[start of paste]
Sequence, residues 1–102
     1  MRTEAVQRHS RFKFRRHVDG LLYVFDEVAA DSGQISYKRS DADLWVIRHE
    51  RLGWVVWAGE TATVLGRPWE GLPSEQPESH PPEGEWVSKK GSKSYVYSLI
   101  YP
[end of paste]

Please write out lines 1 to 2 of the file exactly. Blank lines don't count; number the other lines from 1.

Sequence, residues 1–102
     1  MRTEAVQRHS RFKFRRHVDG LLYVFDEVAA DSGQISYKRS DADLWVIRHE